The Director of Mozambique’s National Institute of Disaster Management (INGC) has said those people in flood risk areas who resist calls to seek safer areas will be removed by force after more than 20 people have been confirmed dead nationwide, APA learned on Thursday.
Joao Ribeiro said the INGC will resort to compulsory evacuation as a strategic bid to save lives.
Many people in flood risk regions are resisting to heed to the government’s calls for them to vacate areas at risks on the grounds that they have their homes and livestock there.
"We have already begun the removal of affected people compulsorily but now we are intensifying the activity because there is still resistance and the danger is already a reality," said Ribeiro.
Therefore, the authorities urge people to leave areas of risk and avoid putting their lives at risk.
The situation remains worrying in the district of Chokwe in Gaza province, where more than 55,000 people could be affected by flooding as a result of the rains and the opening of floodgates on dams and Massingir Macarretane.
The district of Xai-Xai is another region of the province of Gaza which also faces the specter of flooding.
At this time, the evacuation of the population is the only alternative because there are no signs of improvement in the situation shortly.
Flooding in Mozambique has so far killed nearly 30 people and displaced hundreds of families, prompting the government to step up rescue operations and issue a red alert for some areas. Torrential rains that have battered central Mozambique for weeks have raised water levels in the Cahora Bassa, a major dam on the Zambezi River. The authorities have opened the floodgates to ease the pressure on the dam walls.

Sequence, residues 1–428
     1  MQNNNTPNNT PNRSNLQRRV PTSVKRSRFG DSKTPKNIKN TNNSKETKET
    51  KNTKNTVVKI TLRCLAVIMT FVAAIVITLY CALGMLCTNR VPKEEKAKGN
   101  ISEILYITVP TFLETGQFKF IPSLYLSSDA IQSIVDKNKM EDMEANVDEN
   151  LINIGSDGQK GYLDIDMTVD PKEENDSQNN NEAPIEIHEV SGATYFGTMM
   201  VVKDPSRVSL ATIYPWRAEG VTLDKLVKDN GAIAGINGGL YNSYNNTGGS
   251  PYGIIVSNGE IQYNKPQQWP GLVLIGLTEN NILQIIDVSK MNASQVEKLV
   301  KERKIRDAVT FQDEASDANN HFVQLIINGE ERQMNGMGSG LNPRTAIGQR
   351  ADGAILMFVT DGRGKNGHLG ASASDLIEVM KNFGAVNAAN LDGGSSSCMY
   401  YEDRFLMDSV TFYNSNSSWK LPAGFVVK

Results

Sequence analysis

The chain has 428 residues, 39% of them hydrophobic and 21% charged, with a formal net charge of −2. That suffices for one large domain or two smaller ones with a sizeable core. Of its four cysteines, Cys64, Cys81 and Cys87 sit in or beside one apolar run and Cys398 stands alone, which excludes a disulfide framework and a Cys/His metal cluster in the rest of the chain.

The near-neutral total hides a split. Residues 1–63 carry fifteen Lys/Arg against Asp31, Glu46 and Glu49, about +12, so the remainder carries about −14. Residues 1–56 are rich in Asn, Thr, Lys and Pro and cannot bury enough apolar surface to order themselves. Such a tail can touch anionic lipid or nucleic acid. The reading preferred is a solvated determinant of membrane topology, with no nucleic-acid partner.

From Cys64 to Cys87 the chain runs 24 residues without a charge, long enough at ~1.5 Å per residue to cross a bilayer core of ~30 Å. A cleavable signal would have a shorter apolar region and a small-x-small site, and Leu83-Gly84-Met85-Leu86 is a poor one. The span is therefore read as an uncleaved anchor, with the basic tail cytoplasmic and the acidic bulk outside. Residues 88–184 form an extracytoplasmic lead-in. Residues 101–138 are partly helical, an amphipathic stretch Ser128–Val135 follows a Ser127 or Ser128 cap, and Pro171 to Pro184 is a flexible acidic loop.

Opening the floodgates is expected to continue to raise water levels in the River Zambezi, Africa’s fourth largest, and spill over to villages along its pathway through central Mozambique, independent daily O Pais reported on Wednesday.
The red alert, one step down from declaring a disaster area, was announced by the government after a cabinet meeting late on Tuesday.
Government spokesman Alberto Nkutumula said the authorities would forcibly evacuate around 130,000 people from areas near rivers as water levels continue to rise due to heavy rain.
"All the conditions have been created to evacuate and relocate 130,000 people living in areas of risk," Nkutumula was quoted by state-run Radio Mozambique as saying.
Despite the red alert, he said Mozambique did not plan to ask for international aid at this time. "There is internal capacity to deal with the situation."
Mozambicans are often victims of flooding during the rainy season. Floods in 2000 and 2007 forced hundreds of thousands from their homes in the impoverished southern African nation.
Since then, Mozambique has minimized the loss of life by evacuating people to higher ground at the start of the rains.
Source African Press Agency
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